Trash, like most topics, has its own history in Harlan County.
The roads of Harlan County are cleaner than they were just a few years ago, and they are immensely cleaner than they were back in the late 1970s.
The improvements began back in 1978 with some local ladies and a few interested men who wanted to get rid of the junk cars, old washing machines and trash that people threw along the edges of roads, over river banks and into the brush, according to Harlan County Judge-Executive Joe Grieshop.
"Whoever started it, I'm glad for it," Grieshop said. "In the beginning, some folks were up in arms, literally, if you talked to them about cleaning up garbage. Now, they love us."
One of Grieshop's major initiatives since coming to office was to mandate that Harlan County residents sign up for garbage service in early 2003, when there was still a lot of illegal dumping, according to Dan Lankford, who is in charge of the county's solid waste enforcement.
"This is a problem that you have to deal with in every aspect," Lankford said. "The judge was looking for ways to clean the county and assist people at the same time."
When you see someone throwing trash on the roads or using private dumpsters for their personal use, Lankford is the man to call.
Once he has names and tag numbers, Lankford turns the information over the the sheriff's department.
The Harlan County Sheriff's Department, in turn, serve a citation in person to offenders.
"I've tore bags open and found names," Lankford said. "The entire issue is to get people on the service and keep them on the service. We've got a lot of people really responsive. Rather than go to court, they stay on the service.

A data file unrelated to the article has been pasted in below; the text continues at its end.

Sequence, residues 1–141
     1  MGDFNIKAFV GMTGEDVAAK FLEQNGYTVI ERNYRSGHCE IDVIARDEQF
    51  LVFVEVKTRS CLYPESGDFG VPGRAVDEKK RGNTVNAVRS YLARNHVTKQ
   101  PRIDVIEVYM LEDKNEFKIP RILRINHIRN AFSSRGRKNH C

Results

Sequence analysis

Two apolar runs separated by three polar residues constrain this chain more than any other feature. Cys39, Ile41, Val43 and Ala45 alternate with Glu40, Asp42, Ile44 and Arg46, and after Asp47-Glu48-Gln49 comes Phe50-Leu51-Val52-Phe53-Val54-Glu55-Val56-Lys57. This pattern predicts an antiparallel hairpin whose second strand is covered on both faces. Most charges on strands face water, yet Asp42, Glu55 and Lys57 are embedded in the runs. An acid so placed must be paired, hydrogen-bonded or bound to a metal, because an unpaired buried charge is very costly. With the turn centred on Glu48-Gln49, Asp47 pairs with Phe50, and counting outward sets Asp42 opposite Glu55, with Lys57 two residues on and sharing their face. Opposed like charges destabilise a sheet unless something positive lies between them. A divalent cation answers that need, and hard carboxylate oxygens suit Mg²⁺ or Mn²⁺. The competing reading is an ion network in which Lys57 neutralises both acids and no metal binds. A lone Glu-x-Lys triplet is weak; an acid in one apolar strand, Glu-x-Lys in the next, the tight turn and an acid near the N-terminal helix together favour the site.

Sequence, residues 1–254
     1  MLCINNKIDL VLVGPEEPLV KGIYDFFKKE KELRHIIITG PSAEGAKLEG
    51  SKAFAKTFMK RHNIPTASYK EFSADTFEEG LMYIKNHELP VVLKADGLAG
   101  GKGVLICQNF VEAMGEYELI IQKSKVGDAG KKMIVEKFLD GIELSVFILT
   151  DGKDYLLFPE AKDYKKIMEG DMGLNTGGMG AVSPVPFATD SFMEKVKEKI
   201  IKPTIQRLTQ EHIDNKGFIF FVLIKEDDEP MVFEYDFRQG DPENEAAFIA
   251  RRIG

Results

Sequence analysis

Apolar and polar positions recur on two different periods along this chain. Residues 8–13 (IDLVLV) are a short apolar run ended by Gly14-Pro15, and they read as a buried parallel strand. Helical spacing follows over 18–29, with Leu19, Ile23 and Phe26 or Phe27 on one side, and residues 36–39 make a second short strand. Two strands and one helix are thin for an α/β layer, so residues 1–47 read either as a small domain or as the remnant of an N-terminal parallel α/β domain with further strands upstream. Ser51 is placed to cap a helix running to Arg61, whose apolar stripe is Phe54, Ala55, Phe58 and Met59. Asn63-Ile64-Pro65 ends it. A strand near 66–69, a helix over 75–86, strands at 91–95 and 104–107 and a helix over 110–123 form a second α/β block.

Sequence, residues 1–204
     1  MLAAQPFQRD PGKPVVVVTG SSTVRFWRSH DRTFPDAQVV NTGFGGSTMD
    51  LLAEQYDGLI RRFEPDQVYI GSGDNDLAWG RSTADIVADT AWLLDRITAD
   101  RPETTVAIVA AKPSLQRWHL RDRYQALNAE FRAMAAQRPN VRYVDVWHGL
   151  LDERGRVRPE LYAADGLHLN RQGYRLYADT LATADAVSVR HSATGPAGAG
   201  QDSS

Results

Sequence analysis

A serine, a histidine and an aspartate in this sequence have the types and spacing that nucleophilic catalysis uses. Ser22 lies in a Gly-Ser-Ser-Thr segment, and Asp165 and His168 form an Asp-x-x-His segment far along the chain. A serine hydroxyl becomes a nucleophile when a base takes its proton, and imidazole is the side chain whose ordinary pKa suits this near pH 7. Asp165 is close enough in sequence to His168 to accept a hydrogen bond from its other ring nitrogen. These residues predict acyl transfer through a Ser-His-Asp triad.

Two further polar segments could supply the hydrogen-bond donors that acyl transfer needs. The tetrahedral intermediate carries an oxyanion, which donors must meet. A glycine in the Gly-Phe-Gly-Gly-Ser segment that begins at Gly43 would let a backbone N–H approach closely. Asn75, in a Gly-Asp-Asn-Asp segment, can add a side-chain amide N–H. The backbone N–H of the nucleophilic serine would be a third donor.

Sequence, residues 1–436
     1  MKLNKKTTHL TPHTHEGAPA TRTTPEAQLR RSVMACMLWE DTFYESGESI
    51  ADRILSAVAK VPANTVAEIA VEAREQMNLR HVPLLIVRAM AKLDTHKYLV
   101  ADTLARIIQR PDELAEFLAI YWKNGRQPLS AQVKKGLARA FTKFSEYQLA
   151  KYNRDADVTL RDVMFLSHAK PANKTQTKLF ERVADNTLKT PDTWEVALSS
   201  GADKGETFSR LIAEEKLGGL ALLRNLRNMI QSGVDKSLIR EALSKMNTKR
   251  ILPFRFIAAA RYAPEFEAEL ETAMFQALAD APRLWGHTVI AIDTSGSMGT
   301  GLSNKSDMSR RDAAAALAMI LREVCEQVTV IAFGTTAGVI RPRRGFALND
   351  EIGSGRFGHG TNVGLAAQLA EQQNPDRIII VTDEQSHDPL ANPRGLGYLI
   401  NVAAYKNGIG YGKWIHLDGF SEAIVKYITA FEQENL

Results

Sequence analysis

"Still, we have an extremely large number who still have problems. There is a certain segment you got to deal with, and we have to figure out a way to do it.
"I'm only one person for the whole county and, buddy, it runs me ragged."
The progress shows not just in cleaner roads but in numbers. Enrollment for garbage service is up from 3,900 to 7,000 people. And since last year, 261 junked cars have been hauled away at no cost to the owners.
Looking over before and after photos of vehicles the county has hauled away, Lankford pointed to a large snakeskin on the driver's-side floor.
"Those abandoned cars are nothing but snake dens," he said.
The county picks up the vehicles, removes the tires and gas tanks which go to the demolition landfill and send the remains to the crusher.
The county also picks up other large items that can't go in the regular garbage.
"We got buggies that go out every day for homeowners that call who need mattresses, refrigerators and big things picked up that don't go to the regular landfill," said Chad Brock, magistrate for District 2.
Garbage service for county residents costs $42.35 for three months, with pick-up once a week. The fines for illegally dumping, according to Grieshop, run up to $250 in addition to two years garbage service paid in advance and community service hours spent picking up so many tons of garbage.
"People that litter create more work for everyone. There are no good reasons for littering or dumping stuff over the hill," Grieshop said.
"You can issue all the citations in the world, and it won't do any good," Lankford said. "It is a slow progression that takes education to change 90 years of bad stewardship."
Thanks to decades of work by volunteers, PRIDE program funding and two crews from the inmate work program that Lankford describes as "tremendous," officials say the roads of Harlan County are looking better than ever.